The power reserve remains the same, even when the chronograph is in use
When the stopwatch of a conventional mechanical chronograph is operated, the power reserve of the timepiece diminishes and, as the mainspring’s torque decreases, time measurement begins to lose precision. As in so many other ways, the Spring Drive chronograph breaks with convention and delivers superior performance. When the stopwatch is in operation, there is no decline in the power reserve and the watch’s precision remains the same, whatever the power in reserve. By using fewer wheels in the gear train and reducing by half the amount of electrical energy required by the brake to regulate the speed of the seconds hand, the development team was able to reduce energy transmission loss and maintain the power reserve.
The Grand Seiko Spring Drive chronograph is the most precise spring-driven chronograph in the world, delivering an accuracy rate of one second a day. This high level of precision in the movement is matched by the precision of the button operation. Thanks to the combination of a column wheel and a vertical clutch, the chronograph starts and stops without any loss of accuracy. Furthermore, the watch measures elapsed time exactly, thanks to the fact that the glide motion seconds hand stop at the very instant that the button is pressed and not to the nearest fraction of a second, as in every other spring-driven chronograph.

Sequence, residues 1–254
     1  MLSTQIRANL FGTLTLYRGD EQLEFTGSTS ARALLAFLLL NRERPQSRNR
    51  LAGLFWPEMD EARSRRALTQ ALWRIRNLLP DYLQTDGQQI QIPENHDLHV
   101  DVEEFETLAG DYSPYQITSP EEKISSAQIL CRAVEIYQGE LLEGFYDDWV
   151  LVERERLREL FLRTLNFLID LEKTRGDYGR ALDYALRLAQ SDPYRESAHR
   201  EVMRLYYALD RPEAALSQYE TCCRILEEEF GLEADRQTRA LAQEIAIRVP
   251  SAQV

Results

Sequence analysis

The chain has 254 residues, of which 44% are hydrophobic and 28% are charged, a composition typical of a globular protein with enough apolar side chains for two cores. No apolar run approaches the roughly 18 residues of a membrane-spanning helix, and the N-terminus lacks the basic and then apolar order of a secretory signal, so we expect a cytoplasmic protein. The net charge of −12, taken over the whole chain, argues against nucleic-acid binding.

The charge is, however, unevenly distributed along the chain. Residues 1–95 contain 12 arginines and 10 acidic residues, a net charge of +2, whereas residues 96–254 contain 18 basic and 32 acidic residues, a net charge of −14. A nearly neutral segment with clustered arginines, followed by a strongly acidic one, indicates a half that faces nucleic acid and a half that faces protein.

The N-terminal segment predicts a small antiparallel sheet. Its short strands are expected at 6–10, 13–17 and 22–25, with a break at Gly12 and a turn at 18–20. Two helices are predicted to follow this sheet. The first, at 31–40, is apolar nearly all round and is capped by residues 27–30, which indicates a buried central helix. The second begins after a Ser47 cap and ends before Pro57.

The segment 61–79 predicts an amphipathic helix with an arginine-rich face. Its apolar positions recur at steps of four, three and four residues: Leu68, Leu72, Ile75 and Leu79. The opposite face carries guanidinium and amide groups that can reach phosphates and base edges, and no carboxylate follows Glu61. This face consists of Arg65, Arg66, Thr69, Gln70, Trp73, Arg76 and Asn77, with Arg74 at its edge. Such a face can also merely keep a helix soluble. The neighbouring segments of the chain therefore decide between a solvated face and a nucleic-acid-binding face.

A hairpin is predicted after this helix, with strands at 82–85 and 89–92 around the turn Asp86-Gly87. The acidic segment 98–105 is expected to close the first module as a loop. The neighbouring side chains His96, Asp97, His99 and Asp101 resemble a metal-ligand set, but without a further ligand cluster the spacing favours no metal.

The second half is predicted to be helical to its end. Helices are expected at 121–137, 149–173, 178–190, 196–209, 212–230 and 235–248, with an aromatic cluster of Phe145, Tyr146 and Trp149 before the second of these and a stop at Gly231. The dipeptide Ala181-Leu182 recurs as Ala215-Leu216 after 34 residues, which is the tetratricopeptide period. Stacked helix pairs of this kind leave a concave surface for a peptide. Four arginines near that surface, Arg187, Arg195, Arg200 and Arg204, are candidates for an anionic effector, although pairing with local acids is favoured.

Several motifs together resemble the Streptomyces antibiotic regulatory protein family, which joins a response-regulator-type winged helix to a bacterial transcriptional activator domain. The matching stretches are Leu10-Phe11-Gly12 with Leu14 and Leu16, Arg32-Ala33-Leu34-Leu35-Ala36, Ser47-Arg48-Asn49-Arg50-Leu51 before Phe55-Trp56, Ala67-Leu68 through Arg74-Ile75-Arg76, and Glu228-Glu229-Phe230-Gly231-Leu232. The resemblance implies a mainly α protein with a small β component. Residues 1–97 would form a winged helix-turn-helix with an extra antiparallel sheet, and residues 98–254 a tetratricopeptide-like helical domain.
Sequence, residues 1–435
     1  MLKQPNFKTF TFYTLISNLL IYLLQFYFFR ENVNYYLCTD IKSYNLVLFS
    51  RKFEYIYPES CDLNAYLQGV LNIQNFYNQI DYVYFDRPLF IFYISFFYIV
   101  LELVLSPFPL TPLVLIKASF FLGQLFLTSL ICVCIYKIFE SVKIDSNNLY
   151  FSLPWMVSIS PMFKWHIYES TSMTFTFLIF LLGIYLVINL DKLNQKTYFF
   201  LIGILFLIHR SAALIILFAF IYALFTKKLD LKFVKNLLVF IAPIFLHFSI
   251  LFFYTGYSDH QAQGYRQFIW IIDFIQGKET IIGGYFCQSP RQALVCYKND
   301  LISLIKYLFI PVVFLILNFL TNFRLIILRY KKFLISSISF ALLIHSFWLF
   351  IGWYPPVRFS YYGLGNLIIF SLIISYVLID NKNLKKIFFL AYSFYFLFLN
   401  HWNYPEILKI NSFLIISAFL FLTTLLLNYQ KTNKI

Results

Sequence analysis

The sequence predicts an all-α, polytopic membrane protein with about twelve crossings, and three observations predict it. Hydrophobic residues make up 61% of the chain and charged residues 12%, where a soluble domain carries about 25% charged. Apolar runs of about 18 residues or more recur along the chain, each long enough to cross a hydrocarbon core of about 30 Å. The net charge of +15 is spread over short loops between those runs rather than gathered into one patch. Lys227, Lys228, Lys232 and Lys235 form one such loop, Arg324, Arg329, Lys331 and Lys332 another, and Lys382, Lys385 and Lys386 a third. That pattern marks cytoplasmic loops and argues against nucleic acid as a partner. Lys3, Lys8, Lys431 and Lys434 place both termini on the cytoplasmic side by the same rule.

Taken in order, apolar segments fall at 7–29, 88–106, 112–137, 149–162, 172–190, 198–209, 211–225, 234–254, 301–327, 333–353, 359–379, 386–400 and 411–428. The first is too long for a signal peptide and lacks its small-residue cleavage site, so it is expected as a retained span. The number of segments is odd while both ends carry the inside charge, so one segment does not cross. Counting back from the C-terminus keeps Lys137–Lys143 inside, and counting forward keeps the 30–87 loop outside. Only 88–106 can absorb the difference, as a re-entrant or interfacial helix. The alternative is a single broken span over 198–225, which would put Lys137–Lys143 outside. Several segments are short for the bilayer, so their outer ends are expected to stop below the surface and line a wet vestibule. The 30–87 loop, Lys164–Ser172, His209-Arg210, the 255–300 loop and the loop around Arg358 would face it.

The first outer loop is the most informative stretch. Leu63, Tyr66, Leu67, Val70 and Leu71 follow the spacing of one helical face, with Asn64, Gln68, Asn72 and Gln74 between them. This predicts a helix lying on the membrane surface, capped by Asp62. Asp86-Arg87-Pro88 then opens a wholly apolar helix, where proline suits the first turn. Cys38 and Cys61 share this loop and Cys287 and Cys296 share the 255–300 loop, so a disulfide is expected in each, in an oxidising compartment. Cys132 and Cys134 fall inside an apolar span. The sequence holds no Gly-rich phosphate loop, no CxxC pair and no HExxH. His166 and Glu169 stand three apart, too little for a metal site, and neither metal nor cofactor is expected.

Caliber 9R86 was completed in 2007. Thanks to the skill and diligence of Hara, Hiraya and many others, Spring Drive had evolved from a simple hand-winding three hand watch into an automatic chronograph with a 72-hour power reserve and a 24-hour GMT hand. An engineer’s dream in the 1970s eventually became a reality in 1997 and has continued to evolve ever since. Continuous improvement has always been, and still is, central to the character of Grand Seiko.